Right now, today, here’s what you can do with Imaginary:
axiomatic -d imaginary.axiom offering install imaginary axiomatic -d imaginary.axiom start
Connect to that server using a telnet or ssh client
Create a new character in the fully persistent world or log in to an existing character.
Create new objects or locations (actually the number of objects is currently fairly limited: you can create a quiche, a vending machine, a quarter, a shirt, a pair of pants, and a sword).
Walk around, look at things, talk to people, attack people, pick things up, put things down, wear clothing, take clothing off, browse the help files, write custom descriptions for things, and a handful of other trivial activities.
Persistence in Imaginary is handled by Axiom, an object database with excellent support for transactions. All world manipulation is protected with transactions, preventing the world from entering an inconsistent state, even if a programmer error causes an exception partway through a complex mutation.
Every game object (for example, a chair, a player, or a sentient energy cloud) is represented as a Thing. Thing defines basic behaviors such as location and some aspects of appearance. For any additional behaviors, a powerup is used. Powerups can be added to or removed from a Thing at any time, and combined in novel or unexpected ways, creating game objects which have behavior not explicitly accounted for by the author of the powerups involved.
Whenever it is necessary to convey information, whether to a player or an NPC AI, a Concept is used. A concept abstractly represents some information (for example, the fact that a wild boar just charged into the clearing where you are standing) and is responsible for determining the most suitable representation of this information when expressing it to a Thing. A player connected to the system via telnet will have concepts expressed to him as a text string, while a player with a rich graphical client might see a 3d model of a boar run into view.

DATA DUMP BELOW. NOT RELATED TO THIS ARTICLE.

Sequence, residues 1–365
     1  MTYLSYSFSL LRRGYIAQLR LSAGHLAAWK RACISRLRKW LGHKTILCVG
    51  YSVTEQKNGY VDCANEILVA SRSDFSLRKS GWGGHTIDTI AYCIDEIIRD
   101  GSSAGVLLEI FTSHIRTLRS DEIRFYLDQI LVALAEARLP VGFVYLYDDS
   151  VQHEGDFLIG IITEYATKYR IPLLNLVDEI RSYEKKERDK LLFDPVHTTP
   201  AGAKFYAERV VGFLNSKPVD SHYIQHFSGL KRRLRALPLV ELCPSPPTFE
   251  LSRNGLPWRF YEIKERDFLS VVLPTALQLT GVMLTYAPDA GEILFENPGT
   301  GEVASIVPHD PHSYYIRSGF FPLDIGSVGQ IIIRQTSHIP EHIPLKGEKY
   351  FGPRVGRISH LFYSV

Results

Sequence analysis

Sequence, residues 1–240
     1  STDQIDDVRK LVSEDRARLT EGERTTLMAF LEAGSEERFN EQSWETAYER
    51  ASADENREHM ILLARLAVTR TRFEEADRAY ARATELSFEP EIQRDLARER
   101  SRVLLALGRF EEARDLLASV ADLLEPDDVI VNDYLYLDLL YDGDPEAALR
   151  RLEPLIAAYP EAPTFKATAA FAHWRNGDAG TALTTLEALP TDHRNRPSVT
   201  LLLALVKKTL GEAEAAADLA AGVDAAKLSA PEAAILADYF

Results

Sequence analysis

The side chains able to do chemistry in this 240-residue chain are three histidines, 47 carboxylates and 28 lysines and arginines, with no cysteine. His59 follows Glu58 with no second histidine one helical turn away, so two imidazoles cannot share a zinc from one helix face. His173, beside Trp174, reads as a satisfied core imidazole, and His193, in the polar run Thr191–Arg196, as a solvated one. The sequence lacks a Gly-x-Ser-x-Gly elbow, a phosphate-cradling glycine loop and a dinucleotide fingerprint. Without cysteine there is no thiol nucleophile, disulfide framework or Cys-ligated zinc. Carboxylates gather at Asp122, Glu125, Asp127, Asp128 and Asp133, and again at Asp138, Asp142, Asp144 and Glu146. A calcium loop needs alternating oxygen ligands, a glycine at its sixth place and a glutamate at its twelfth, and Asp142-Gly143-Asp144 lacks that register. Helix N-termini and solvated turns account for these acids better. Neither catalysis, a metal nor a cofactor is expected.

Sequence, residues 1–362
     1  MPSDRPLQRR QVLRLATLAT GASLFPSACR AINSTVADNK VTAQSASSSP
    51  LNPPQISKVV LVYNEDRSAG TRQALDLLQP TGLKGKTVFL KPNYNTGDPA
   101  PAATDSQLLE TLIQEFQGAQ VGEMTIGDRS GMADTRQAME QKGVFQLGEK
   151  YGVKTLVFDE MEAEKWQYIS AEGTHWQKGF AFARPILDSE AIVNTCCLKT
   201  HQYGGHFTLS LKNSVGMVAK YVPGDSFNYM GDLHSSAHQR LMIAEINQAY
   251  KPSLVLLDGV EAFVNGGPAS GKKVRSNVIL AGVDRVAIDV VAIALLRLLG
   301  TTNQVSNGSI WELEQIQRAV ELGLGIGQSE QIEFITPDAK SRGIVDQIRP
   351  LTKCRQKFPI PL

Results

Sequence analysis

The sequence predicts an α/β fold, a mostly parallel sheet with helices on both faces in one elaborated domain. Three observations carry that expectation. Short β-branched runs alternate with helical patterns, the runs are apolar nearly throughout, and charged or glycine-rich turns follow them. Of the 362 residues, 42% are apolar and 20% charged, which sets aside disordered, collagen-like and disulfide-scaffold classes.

Of course, since Concepts are mainly used to convey information about change in the world, they are closely related to events. The event system keeps track of one or more concepts as a transaction executes and the world is modified. If the transaction completes successfully, those concepts are broadcast to any observers in range. If the transaction fails, the failure is turned into a concept and that is broadcast instead. This prevents players from seeing the consequences of events which are ultimately reverted.
Where do Events come from? Actions, obviously! In Imaginary, an Action is a representation of a high-level change to the world. Most of the things in the list at the top of this post are examples of Actions. Each Action is defined by a class with several methods, but one really important one: do. When someone or something instigates an Action (for example, a player types “go west”), the appropriate Action class is instantiated and its
do method invoked in a transaction. This results in some events, which in turn rely on Concepts, which are sent out to Things which may have Powerups which react to them.
So that, in a nutshell (a large nutshell, perhaps a coconut) is Imaginary as it stands right now. If this was interesting to you, consider subscribing to our mailing list